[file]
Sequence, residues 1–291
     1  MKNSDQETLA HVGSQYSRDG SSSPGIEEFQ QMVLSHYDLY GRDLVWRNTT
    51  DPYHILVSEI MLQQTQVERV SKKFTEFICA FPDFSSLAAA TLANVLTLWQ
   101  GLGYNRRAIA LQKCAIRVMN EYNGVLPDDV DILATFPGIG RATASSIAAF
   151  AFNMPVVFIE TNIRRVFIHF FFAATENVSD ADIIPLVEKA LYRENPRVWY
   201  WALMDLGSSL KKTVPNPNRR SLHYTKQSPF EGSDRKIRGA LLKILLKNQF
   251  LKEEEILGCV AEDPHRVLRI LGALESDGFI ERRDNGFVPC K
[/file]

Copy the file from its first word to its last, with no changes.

Sequence, residues 1–291
     1  MKNSDQETLA HVGSQYSRDG SSSPGIEEFQ QMVLSHYDLY GRDLVWRNTT
    51  DPYHILVSEI MLQQTQVERV SKKFTEFICA FPDFSSLAAA TLANVLTLWQ
   101  GLGYNRRAIA LQKCAIRVMN EYNGVLPDDV DILATFPGIG RATASSIAAF
   151  AFNMPVVFIE TNIRRVFIHF FFAATENVSD ADIIPLVEKA LYRENPRVWY
   201  WALMDLGSSL KKTVPNPNRR SLHYTKQSPF EGSDRKIRGA LLKILLKNQF
   251  LKEEEILGCV AEDPHRVLRI LGALESDGFI ERRDNGFVPC K